Smoking Your Own Cigarettes
“A man smoking his own cigarettes had given up faith in his ability to carry on.”
In his book ‘Man’s Search For Meaning’, Viktor Frankl describes his years spent in concentration camps in Nazi Germany.
In camp, cigarettes were a form of currency. You could use them to buy things like extra bowls of soup to help you survive. An extra bowl of soup could mean the difference between life and death.
“Without meaning, man turns to immediate pleasure.”
After so much time under so much strain with so little hope, some men gave up. Viktor says that once they lost their meaning, their reason to live, they would smoke their own cigarettes. Instead of using them to buy food, they just sat and smoked.
When Viktor and his friends saw a man smoking his own cigarettes, they knew he was going to die very soon. He’d lost all hope for the future.
Many People Smoke Their Own Cigarettes
I’ve seen a lot of people who are unhappy and who feel trapped, even though they’re not in a concentration camp. They’re trapped by poverty or a job they hate, often both at the same time.
This can feel as oppressive as electrified barbed wire.
They’re not prisoners, but they feel a similar stress, and they don’t have much hope. They may be in literal poverty with only a few ‘cigarettes’, or securely middle-class with quite a few, but it doesn’t really matter because they smoke them all the time.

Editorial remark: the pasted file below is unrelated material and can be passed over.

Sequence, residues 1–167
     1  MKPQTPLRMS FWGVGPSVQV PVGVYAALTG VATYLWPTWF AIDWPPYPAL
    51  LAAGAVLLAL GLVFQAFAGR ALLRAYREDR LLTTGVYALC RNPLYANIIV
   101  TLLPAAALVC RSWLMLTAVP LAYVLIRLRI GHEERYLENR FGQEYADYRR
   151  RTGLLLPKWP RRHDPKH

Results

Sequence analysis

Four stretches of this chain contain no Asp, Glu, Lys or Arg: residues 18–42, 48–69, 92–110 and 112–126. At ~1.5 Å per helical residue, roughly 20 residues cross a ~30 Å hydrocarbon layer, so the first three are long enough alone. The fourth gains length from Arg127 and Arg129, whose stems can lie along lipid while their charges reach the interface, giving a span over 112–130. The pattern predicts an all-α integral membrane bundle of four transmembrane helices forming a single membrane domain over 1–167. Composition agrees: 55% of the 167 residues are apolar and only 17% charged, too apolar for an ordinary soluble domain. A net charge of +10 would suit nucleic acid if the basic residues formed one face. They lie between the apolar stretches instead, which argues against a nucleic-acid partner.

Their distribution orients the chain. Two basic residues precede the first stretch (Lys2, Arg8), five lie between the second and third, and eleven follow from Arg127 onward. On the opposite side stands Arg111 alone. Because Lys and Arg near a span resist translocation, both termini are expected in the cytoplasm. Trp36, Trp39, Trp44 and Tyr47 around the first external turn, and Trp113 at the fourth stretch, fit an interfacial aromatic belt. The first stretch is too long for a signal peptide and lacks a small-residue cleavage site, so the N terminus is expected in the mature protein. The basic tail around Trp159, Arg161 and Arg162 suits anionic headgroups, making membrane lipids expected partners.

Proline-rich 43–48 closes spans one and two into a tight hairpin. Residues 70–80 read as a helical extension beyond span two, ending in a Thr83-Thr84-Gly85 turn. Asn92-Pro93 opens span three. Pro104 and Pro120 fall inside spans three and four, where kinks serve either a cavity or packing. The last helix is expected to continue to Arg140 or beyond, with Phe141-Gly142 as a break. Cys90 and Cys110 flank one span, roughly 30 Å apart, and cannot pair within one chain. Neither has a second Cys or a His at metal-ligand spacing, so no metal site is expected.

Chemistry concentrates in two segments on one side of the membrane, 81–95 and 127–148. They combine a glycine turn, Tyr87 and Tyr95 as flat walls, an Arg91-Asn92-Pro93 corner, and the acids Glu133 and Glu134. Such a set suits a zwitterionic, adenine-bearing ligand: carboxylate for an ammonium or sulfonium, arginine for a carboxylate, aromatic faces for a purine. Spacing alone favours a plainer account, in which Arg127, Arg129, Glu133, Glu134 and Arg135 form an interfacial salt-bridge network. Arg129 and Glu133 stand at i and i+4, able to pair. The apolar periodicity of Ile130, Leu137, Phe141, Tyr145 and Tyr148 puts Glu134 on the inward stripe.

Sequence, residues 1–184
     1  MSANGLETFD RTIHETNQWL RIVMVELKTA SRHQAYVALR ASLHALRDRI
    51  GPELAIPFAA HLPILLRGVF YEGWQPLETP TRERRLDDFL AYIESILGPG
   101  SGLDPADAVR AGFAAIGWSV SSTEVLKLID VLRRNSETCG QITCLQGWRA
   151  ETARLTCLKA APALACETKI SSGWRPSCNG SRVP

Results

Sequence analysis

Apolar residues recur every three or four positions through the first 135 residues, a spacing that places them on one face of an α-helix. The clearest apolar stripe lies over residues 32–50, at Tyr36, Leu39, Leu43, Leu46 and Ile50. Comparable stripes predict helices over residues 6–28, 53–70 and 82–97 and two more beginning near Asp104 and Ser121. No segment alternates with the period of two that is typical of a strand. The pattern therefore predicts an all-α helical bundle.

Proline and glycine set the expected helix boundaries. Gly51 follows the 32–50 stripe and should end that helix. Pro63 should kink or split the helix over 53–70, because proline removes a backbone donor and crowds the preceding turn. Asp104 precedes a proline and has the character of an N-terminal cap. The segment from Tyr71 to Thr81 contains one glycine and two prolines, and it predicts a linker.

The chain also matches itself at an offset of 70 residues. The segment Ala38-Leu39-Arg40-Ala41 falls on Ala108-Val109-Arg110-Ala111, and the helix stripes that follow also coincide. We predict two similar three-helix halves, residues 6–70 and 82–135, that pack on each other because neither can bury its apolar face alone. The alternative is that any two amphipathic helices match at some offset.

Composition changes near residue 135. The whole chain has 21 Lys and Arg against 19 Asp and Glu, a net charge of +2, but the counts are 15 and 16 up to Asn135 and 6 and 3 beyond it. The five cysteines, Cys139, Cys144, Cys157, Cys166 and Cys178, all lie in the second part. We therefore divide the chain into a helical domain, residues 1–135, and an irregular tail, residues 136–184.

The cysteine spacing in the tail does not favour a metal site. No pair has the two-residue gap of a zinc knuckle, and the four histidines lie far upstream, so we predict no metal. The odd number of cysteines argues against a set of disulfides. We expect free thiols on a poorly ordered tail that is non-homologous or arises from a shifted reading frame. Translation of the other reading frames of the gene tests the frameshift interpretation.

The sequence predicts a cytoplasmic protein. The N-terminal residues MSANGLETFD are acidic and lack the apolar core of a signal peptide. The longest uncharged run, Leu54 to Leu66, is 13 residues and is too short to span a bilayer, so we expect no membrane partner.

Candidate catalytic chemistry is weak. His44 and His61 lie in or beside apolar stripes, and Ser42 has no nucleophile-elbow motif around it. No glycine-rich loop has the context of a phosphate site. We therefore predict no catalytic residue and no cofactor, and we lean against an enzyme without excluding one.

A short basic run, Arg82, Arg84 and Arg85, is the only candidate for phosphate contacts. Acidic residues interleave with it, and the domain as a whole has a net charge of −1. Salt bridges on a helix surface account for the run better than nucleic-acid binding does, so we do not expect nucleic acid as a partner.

They burn away all their disposable income and time on beer, club entrances on the weekend, television during the week, and all forms of immediate pleasure.
Just as I was brainstorming this blog post, a man approached me on the street and asked if I had a lighter. Answering in the affirmative, I handed him mine from my pocket. He pulled out the Peruvian equivalent of a crack pipe, wedged himself between two parked cars to avoid the wind, and lit up right there in the street.
“When you hit it, it makes you feel like woahhhhh!...!” he told me in Spanish, handing the lighter back to me.
Don’t Smoke Your Own Cigarettes
The man in the concentration camp sees no hope for the future (Perhaps he forgets “I want to see my wife again.”) so he forgoes the soup that will help him survive for a little momentary pleasure. He’s given up, and is killing himself.
The drug addict isn’t likely to die, but he too is killing his future, and that of his family if he has one.
The securely middle-class man or woman isn’t going to die if they go out to drink with friends every weekend, but he or she may be passively killing a much better future.
Outside of the concentration camp smoking your own cigarettes doesn’t precede literal death but it often precedes the death of ones faith in oneself, a closely held dream, and a potential future.
Don’t smoke your own cigarettes. Use them to buy soup, books, courses, stocks, tax advice, inventory, freelancers, advertising budgets, and business cards, or whatever you need to get away from where you are and towards where you want to go.
What is that future? Where do you want to go?
If you are suffering, refraining from smoking your own cigarettes is a constant challenge, but refraining is the only thing that will allow you to survive and eventually to escape.